Shortly after launching the Giving Pledge, Warren Buffet said: “Chuck has set an example .  .  .  .  [He] is my hero and Bill Gates’ hero.  He should be everybody’s hero.”  In writing about the venture’s financial trajectory, Steve Bertoni, Forbes magazine’s chronicler of Chuck’s work, coined the term for Atlantic’s ultimate goal: “Zero is the hero.”

 The Need is Now. Why Wait?

Following Chuck’s lead and Giving While Living philosophy, we have sought to make a lasting impact but with a sense of urgency driven by a spend-to-impact rather than spend-to-budget approach.  Why wait to address critical needs in any arena – health, social cohesion, the environment, aging populations, early childhood development, education, knowledge and innovation, democracy, human rights?  Do we need to wait for the next pandemic to strengthen immunology or public health data, policies and systems?  Do we need to delay investments in effective environmental policies, technologies and practices until future climate disasters?  Should we wait for the next social upheavals before addressing longstanding structural inequities and racial, gender and socio-economic disparities?

‘It Always Comes Down to People’

We have come to the end of Atlantic’s life – to zero – as Chuck intended.  It is not the end of the efforts and aspirations to improve the lives of others.  Atlantic’s grantees, of which there are over 2,500, together with our funding partners and the people who led and populated their respective efforts, have their own legacies and ripples, even waves, of continuing influence and impact.  We have concluded our grantmaking by supporting a global community of Atlantic Fellows – the current and next generations of leaders dedicated to accelerating fairer, healthier and more inclusive societies.  It is our final big bet, a more than $740 million investment to advance the quest for our aspirations beyond the foundation’s existence.  “In the end,” as Chuck has said, echoing his first big bet in the Cornell Tradition, “it always comes down to people.”  The Atlantic Fellows are making big plans; aiming high in hope and work.  We have no doubt that they, like so many of our grantees, “are going to do things that would stagger us.”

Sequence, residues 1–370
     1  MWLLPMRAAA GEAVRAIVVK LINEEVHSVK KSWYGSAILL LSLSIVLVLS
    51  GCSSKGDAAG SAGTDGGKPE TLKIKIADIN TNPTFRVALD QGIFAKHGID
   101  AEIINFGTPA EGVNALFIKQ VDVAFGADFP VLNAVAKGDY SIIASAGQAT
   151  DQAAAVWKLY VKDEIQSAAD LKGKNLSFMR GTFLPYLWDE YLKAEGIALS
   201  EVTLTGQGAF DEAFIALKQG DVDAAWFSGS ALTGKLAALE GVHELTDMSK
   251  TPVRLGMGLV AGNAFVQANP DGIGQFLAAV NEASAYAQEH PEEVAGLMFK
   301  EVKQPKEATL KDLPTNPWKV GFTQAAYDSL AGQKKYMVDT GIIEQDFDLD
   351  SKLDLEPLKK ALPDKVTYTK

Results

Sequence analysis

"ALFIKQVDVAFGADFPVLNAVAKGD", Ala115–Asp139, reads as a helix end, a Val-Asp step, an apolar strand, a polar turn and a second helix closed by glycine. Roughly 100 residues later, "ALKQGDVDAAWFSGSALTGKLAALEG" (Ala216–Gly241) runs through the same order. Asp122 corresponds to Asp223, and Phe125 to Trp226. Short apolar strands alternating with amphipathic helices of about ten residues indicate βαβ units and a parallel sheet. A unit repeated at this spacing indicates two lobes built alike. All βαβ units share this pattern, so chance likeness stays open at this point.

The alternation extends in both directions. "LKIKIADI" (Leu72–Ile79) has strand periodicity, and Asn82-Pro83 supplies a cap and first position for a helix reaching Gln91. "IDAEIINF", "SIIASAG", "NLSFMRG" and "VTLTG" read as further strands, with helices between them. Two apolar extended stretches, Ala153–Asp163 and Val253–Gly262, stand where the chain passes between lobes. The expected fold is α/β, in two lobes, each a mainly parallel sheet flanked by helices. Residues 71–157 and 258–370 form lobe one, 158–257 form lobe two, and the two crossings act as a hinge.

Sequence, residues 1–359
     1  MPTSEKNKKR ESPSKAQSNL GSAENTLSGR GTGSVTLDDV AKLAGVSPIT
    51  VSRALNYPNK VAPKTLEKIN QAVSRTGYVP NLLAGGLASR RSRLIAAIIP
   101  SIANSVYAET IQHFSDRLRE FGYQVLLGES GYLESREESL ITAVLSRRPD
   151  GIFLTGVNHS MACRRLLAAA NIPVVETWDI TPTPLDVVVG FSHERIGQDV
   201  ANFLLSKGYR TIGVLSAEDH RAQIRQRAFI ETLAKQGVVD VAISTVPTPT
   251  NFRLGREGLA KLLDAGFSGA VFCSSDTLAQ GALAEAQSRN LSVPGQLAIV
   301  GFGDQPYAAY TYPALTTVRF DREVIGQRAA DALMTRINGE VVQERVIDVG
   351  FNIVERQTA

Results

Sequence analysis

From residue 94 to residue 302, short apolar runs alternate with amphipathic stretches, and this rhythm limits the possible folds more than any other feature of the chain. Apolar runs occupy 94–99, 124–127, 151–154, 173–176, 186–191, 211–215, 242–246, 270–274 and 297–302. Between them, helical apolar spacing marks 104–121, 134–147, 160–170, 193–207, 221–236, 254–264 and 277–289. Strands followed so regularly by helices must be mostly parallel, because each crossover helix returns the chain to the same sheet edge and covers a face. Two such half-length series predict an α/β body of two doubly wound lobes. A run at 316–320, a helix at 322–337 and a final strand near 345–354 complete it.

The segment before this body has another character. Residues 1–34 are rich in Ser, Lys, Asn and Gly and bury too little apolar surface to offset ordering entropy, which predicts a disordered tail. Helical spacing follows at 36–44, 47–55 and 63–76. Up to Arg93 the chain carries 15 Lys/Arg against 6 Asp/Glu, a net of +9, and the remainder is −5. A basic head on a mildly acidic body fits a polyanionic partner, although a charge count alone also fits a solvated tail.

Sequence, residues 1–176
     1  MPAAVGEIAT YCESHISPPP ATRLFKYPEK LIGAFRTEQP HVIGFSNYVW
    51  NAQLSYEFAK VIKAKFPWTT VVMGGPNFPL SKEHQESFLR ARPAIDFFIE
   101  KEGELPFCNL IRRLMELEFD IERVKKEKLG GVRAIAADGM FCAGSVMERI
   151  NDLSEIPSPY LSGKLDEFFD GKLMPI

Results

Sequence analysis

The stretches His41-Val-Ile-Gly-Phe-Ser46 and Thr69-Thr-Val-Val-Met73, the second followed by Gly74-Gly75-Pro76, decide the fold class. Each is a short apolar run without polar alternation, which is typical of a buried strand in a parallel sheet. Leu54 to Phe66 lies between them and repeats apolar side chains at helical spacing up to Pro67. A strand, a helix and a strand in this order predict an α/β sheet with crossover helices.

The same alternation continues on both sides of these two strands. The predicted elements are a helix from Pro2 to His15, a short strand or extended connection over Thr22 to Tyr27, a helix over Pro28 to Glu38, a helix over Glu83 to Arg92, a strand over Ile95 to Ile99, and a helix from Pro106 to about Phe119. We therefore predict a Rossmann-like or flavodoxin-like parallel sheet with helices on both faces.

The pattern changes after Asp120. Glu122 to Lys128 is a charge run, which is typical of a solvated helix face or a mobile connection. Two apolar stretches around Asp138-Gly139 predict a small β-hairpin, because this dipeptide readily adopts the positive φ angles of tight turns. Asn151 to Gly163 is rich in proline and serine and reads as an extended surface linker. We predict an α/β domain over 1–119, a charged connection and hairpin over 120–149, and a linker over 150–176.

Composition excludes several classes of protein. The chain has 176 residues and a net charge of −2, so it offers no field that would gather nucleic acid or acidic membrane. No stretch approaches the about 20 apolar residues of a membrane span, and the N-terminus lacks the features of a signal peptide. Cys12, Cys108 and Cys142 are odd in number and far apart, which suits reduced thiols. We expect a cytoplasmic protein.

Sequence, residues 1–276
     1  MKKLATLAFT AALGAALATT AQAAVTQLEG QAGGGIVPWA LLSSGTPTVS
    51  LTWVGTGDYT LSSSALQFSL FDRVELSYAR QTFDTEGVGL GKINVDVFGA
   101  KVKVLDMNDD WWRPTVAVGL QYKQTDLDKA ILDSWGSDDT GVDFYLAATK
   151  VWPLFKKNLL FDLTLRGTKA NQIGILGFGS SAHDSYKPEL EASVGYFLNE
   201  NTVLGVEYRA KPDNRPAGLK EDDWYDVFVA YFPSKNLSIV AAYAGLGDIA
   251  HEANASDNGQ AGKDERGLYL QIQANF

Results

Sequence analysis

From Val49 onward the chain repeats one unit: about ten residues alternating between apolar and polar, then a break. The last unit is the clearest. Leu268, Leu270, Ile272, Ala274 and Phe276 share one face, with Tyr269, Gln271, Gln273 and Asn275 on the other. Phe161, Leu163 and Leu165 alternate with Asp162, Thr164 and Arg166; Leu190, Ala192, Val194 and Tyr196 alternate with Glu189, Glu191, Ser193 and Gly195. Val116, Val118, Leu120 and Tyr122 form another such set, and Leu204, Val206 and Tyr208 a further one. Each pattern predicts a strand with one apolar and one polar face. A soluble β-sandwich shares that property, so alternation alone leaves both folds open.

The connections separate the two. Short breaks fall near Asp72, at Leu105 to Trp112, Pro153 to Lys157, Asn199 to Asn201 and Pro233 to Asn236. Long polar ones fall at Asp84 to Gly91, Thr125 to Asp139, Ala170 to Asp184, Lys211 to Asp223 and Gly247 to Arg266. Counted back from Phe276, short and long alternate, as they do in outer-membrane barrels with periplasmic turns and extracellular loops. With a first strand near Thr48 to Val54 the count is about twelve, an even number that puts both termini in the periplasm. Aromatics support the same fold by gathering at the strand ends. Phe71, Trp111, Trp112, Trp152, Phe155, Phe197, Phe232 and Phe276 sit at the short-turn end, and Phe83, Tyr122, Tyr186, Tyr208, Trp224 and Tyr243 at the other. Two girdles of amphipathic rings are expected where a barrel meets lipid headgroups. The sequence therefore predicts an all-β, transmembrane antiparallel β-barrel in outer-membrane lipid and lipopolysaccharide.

It has been an unparalleled privilege for all of us associated with Chuck and Atlantic to have participated in this endeavor.  We have had the opportunity to work with and guide financial and other support to the many exceptionally skilled and dedicated people who have selflessly strived for and achieved improvements in the human condition.  We have had the privilege of holding fascinating jobs with wonderful colleagues.

‘We Are Who We Are Because of Others’
We ask that you celebrate and support what our grantee colleagues have achieved and are working to achieve.  Celebrate and pursue the possibilities to improve things as they are.  Recognize the power and duty of privilege to respond intelligently, with empathy and with some sense of urgency to the myriad of human needs.  Take note that change for the better is not only possible, it is our shared human imperative.  The effort is worthy and deeply satisfying and besides, as Chuck says, “Giving while living is more fun than giving while dead.”

Atlantic’s grantees, their work and our experience and insights can be further explored on the Atlantic Philanthropies’ website, which will remain active until at least 2025, and in our archives at Cornell University.  We hope you might find something there of interest and value and application in your work.

Thank You

We are who we are because of others.  On behalf of Chuck Feeney and the team at Atlantic Philanthropies, thank you for your work and support and for accompanying us on this journey.


Christopher G. Oechsli

(valid until 31 December 2020)

WATCH: Chuck Feeney on Giving While Living, 2014.







Related Resources

Global Impact:



Giving While Living, The Atlantic Philanthropies